“Actually, you sift the dry ingredients into the pan, then add the others separately, but I get your point. No, it’s not cake and it won’t be until it’s baked and I’ve topped it with my secret frosting. Some day, Sy, I’ll bake you one.”

<riding the elevator down to 2> “You’re a hard woman to turn down, Anne. I look forward to it. Anyhow, you see the essential difference between flour’s journey to cakehood and our elevator ride down to Eddie’s.”

“Mmm… OK, it’s the discrete versus continuous thing, isn’t it?”

“You’ve got it. Measuring progress along a discrete degree of freedom can be an iffy proposition.”

“How about just going with the recipe’s step number?”

“I’ll bet you use a spoon instead of a cup to get the right amount of baking soda. Is that a separate step from cup‑measuring the other dry ingredients? Sifting one batch or two? Those’d change the step‑number metric and the step-by-step equivalent of momentum. It’s not a trivial question, because Emmy Noether’s symmetry theorem applies only to continuous coordinates.”

“We’re back to her again? I thought—”

The elevator doors open at the second floor. We walk across to Eddie’s, where the tail‑end of the lunch crowd is dawdling over their pizzas. “Hiya folks. You’re a little late, I already shut my oven down.”

“Hi, Eddie, we’re just here for gelato. What’s your pleasure, Anne?”

“On Sy’s recommendation, Eddie, I’ll try a scoop of ginger along with my scoop of mint. Sy, about that symmetry theorem—”

“The same for me, Eddie.”

“Comin’ up. Just find a table, I’ll bring ’em over.”

We do that and he does that. “Here you go, folks, two gelati both the same, all symmetrical.”

“Eddie, you’ve been eavesdropping again!”

“Who, me? Never! Unless it’s somethin’ interesting. So symmetry ain’t just pretty like snowflakes? It’s got theorems?”

“Absolutely, Eddie. In many ways symmetry appears to be fundamental to how the Universe works. Or we think so, anyway. Here, Anne, have an extra bite of my ginger gelato. For one thing, Eddie, symmetry makes calculations a lot easier. If you know a particular system has the symmetry of a square, for instance, then you can get away with calculating only an eighth of it.”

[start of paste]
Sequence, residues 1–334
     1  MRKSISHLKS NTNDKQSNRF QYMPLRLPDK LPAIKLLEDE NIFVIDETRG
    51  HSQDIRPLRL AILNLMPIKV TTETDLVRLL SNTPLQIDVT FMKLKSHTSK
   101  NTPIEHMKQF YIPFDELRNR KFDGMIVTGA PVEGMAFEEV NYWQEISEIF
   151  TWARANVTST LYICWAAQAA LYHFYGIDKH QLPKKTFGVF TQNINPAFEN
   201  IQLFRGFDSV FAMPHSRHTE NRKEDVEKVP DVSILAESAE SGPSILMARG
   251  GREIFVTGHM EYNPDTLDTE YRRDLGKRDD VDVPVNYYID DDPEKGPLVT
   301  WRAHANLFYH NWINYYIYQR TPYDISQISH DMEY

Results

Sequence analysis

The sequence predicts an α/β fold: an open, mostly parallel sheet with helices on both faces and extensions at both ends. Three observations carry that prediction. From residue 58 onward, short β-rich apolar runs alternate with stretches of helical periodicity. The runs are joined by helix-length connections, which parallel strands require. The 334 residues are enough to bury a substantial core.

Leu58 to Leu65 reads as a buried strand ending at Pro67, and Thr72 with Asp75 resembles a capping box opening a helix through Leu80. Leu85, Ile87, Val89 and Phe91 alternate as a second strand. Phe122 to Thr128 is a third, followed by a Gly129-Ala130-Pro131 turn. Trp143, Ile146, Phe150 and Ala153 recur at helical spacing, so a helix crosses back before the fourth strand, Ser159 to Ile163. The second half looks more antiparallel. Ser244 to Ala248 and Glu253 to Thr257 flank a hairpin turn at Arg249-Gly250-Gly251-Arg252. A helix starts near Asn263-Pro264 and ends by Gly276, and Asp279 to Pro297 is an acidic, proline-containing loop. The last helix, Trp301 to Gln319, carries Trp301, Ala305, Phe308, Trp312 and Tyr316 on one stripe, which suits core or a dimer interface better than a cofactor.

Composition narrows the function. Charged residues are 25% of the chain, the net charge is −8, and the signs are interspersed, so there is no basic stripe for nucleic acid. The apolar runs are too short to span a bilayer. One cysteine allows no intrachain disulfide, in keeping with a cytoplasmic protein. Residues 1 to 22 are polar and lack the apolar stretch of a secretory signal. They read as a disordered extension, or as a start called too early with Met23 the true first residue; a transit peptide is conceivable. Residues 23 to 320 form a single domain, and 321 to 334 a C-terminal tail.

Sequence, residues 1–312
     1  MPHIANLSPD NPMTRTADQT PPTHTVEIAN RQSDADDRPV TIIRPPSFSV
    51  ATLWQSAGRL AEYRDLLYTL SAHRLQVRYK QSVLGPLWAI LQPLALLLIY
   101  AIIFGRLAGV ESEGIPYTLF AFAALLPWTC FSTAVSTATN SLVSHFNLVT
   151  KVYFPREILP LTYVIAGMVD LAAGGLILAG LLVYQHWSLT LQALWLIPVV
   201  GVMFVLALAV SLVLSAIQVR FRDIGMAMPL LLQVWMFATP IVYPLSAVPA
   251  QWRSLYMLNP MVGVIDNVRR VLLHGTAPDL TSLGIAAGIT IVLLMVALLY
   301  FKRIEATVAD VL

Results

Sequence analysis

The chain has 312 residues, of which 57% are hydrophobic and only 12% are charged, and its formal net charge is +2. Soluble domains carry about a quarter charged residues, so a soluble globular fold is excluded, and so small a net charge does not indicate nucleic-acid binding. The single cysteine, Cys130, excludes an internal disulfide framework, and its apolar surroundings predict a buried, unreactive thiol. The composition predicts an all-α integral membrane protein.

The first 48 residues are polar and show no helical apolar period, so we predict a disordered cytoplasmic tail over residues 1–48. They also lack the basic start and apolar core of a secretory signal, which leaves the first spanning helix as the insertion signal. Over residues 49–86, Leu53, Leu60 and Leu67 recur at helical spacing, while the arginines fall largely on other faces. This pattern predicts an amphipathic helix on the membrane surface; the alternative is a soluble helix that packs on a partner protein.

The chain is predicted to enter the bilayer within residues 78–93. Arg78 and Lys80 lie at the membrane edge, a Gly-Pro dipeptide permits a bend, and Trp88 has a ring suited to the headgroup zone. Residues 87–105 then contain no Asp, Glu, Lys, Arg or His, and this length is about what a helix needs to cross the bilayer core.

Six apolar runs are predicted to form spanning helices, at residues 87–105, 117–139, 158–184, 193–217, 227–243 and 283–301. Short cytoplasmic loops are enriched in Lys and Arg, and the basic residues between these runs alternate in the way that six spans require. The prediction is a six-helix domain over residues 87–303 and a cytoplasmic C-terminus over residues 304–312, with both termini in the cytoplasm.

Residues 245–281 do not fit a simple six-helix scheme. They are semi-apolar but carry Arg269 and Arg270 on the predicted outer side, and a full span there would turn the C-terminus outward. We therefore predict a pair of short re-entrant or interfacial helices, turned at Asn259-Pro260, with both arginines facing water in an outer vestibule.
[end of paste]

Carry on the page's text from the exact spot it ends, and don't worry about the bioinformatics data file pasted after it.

“You mean a quarter, right, you turn a square four ways.”

“No, eight. It’s done with mirrors. Sy showed me.”

“I’m sure he did, Anne. But Sy, what if it’s not a perfect square? How about if one corner’s pulled out to a kite shape?”

“That’s called a broken symmetry, no surprise. Physicists and engineers handle systems like that with a toolkit of approximations that the mathematicians don’t like. Basically, the idea is to start with some nice neat symmetrical solution then add adjustments, called perturbations, to tweak the solution to something closer to reality. If the kite shape’s not too far away from squareness the adjusted solution can give you some insight onto how the actual thing works.”

“How about if it’s too far?”

“You go looking for a kite‑shaped solution.”

~~ Rich Olcott

Deep Symmetry

“Sy, I can understand mathematicians getting seriously into symmetry. They love patterns and I suppose they’ve even found patterns in the patterns.”

“They have, Anne. There’s a whole field called ‘Group Theory‘ devoted to classifying symmetries and then classifying the classifications. The split between discrete and continuous varieties is just the first step.”

“You say ‘symmetry‘ like it’s a thing rather than a quality.”

“Nice observation. In this context, it is. Something may be symmetrical, that’s a quality. Or it may be subject to a symmetry operation, say a reflection across its midline. Or it may be subject to a whole collection of operations that match the operations of some other object, say a square. In that case we say our object has the symmetry of a square. It turns out that there’s a limited number of discrete symmetries, few enough that they’ve been given names. Squares, for instance, have D4 symmetry. So do four-leaf clovers and the Washington Monument.”

“OK, the ‘4’ must be in there because you can turn it four times and each time it looks the same. What’s the ‘D‘ about?”

Dihedral, two‑sided, like two appearances on either side of a reflection. That’s opposed to ‘C‘ which comes from ‘Cyclic’ like 1‑2‑3‑4‑1‑2‑3‑4. My lawn sprinkler has C4 symmetry, no mirrors, but add one mirror and bang! you’ve got eight mirrors and D4 symmetry.”

“Eight, not just four?”